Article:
The Americanism of the Electoral College
COMMENTARY

April 16, 2019 by Guy Redmer

There’s something particularly ironic about a presidential candidate standing in the rural state of Mississippi and calling for abolishment of the Electoral College. Yet, that’s exactly what Senator Elizabeth Warren, D-Mass., did on the campaign trail. She’s not alone. Other major Democratic candidates have piled on so that it is now a major talking point for the Left. Amid all of the noise, they have lost what used to be celebrated: diversity.

Indeed, if the Electoral College could be summed up in one word it is undoubtedly diversity. The founders recognized early on that our nation was made up of varied regions and that in a simple majority vote less populated states would lose all voice. While some of the framers championed direct democracy, others feared a world in which 51 percent could crush the other 49 percent. James Madison brilliantly sketched out the Electoral College as a compromise. Currently, each state gets a number of electors that is identical to its number of representatives and senators in Congress. The District of Columbia gets three electors. The institution survives on its original premise: a presidential candidate must win in diverse parts of the country, not just pockets of it.

To date, there have been a handful of occasions in which the loser of the popular vote went on to win the Electoral College. This can occur when the victor wins by small margins in the required configuration of states while the loser wins by large margins in the remaining states. However, none of these cases show any discrepancy in the institution itself. The most recent were George W. Bush and Donald Trump. Anyone can look at the maps for the 2000 and 2016 elections to see that both Bush and Trump won a much more diverse part of the country than their challengers.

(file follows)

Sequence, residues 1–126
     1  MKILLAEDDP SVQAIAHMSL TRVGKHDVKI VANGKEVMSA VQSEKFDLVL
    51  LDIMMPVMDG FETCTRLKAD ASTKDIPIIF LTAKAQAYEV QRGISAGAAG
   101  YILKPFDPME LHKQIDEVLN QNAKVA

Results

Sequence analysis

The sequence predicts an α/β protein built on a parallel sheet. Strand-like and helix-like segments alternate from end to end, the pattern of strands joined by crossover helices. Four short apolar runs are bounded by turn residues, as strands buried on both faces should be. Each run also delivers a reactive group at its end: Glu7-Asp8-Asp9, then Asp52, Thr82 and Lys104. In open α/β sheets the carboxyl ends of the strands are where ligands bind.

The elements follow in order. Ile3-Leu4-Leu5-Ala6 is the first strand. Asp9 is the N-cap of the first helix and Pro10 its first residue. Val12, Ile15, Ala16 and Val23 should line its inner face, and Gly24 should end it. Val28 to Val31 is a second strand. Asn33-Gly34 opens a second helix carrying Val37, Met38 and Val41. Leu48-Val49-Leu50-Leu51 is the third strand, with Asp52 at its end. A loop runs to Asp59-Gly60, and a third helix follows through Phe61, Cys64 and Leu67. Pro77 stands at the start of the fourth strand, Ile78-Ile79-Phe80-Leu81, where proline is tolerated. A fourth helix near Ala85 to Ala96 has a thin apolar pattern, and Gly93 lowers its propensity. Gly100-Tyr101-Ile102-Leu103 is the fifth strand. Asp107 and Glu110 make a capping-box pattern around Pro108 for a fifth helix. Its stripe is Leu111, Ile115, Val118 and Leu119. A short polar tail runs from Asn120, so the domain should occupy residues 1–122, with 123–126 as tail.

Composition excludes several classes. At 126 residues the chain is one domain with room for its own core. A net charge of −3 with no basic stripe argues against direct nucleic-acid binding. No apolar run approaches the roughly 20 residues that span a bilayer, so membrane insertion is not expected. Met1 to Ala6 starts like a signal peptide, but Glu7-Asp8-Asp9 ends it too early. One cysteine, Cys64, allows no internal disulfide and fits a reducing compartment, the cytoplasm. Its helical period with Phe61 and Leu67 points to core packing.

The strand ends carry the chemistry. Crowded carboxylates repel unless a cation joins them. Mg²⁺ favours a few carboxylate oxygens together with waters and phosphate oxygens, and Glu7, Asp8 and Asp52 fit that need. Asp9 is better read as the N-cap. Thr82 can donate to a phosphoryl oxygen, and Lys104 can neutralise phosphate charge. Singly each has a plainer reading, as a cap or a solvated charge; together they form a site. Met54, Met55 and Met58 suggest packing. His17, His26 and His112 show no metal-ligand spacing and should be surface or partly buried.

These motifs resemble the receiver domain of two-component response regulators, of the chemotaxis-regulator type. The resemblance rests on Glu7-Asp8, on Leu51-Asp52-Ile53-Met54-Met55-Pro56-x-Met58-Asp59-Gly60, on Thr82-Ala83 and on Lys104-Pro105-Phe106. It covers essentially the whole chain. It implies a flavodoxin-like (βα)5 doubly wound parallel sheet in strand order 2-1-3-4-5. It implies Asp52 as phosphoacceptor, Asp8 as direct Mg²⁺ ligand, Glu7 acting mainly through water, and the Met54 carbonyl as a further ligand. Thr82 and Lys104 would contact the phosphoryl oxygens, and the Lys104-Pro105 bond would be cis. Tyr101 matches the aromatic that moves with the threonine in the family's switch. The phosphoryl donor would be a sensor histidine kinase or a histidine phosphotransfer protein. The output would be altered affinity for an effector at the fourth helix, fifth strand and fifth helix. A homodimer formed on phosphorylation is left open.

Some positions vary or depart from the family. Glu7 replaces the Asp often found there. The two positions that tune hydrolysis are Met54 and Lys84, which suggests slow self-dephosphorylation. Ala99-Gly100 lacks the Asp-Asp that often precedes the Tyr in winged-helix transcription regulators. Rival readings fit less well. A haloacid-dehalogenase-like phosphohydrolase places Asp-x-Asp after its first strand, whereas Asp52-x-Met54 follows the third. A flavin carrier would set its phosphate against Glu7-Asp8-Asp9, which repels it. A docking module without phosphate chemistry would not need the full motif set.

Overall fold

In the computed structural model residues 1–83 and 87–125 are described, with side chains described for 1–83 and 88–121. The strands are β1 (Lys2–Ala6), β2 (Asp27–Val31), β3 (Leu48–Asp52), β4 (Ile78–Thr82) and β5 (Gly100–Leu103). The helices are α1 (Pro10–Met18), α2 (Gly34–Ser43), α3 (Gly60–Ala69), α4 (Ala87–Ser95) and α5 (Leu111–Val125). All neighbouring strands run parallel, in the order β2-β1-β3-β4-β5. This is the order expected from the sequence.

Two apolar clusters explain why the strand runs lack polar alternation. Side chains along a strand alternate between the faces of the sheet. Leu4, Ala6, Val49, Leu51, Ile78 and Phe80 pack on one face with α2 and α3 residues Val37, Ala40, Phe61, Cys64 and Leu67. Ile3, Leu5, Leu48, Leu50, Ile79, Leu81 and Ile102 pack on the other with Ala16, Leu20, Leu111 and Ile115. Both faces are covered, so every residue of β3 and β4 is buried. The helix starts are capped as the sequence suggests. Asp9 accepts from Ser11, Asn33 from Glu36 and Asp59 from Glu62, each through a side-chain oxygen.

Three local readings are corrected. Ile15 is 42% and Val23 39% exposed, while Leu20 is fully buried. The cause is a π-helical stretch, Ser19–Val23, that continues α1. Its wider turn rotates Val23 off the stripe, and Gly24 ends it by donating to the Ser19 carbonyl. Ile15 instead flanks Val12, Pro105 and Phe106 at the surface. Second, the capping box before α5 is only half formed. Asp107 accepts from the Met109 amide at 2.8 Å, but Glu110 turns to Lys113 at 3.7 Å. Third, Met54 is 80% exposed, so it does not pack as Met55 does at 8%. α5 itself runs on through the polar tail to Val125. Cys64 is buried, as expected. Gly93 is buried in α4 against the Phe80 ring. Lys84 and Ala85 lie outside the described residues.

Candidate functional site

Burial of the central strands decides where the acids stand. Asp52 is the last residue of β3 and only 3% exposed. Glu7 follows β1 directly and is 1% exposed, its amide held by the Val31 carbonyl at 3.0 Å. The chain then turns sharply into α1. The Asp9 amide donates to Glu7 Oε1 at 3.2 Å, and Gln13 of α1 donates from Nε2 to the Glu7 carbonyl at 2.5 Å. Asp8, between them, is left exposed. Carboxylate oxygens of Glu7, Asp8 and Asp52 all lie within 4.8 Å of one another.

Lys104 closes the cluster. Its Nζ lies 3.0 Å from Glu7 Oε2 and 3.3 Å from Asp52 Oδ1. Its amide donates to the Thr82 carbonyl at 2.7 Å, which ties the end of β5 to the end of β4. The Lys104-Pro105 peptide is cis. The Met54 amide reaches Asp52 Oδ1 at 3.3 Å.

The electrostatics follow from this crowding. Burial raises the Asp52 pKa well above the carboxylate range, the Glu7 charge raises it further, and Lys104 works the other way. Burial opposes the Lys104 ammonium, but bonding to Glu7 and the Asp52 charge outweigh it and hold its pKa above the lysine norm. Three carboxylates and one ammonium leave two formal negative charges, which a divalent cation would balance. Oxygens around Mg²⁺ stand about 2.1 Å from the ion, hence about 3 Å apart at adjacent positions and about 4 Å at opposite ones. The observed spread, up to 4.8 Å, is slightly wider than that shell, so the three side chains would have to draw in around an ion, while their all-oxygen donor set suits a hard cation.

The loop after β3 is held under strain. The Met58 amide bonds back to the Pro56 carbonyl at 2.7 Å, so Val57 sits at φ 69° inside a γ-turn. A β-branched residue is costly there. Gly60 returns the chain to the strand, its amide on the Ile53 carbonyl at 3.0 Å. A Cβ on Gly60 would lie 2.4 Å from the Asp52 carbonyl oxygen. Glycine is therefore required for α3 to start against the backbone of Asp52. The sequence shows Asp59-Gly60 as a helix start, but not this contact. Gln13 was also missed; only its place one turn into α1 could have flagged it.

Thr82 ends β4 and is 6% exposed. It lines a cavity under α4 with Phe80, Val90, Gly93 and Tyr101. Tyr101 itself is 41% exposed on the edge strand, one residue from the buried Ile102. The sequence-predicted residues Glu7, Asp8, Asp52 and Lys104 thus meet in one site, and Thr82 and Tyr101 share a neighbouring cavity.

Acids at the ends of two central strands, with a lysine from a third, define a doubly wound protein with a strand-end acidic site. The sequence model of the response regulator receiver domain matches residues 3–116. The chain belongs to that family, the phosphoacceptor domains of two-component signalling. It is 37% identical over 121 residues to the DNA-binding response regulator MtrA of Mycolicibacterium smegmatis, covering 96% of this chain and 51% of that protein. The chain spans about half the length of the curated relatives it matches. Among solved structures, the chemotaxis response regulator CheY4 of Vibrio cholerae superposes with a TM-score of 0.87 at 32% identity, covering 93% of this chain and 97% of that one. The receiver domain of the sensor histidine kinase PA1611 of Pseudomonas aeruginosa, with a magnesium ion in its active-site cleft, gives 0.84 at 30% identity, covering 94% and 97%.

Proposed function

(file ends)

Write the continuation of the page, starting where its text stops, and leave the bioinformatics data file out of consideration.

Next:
Perhaps this is another redeeming value of the Electoral College. The institution really swings into action when the country is politically divided; ensuring that a winning candidate cannot just campaign in more densely populated areas. Instead, they must prove an ability to get votes in varied regions. In the election of 1860, Abraham Lincoln lost the popular vote. But he won the Electoral College by taking nearly all the Northern states as well as California and Oregon on the West Coast. The electoral system played in his favor. Arguably, pro-slavery politicians could do the math and it may have played a role in their decision to just quit the entire nation.

Still, calls to eliminate the electoral system continue from time to time and the upcoming presidential election has only become a platform for this reckless idea. Recently, Colorado joined about eleven other states with legislation that would allocate all of their electoral votes to whoever wins the national popular vote. Such legislation would only take effect if the law is passed by states carrying at least 270 electoral votes. Nonetheless, they have joined in a political suicide pact. No presidential candidate would ever have to set foot in many of these areas if there was a one-person, one-vote system. Of course, some adjustments to the institution may be helpful and would not require a constitutional amendment. For example, while virtually every state allocates its electors on a winner-take-all basis, Maine and Nebraska assigns one to each congressional district and two for the statewide winner. Such a tweak still preserves the inherent value of the Electoral College and makes it even more proportional.

But let there be no mistake about it. If the talking points ever gain traction and opponents of the Electoral College get their way, American representative democracy will be dumped in favor of the one-person, one-vote principle. All but a handful of states will feel left out and this could divide the country more than ever.

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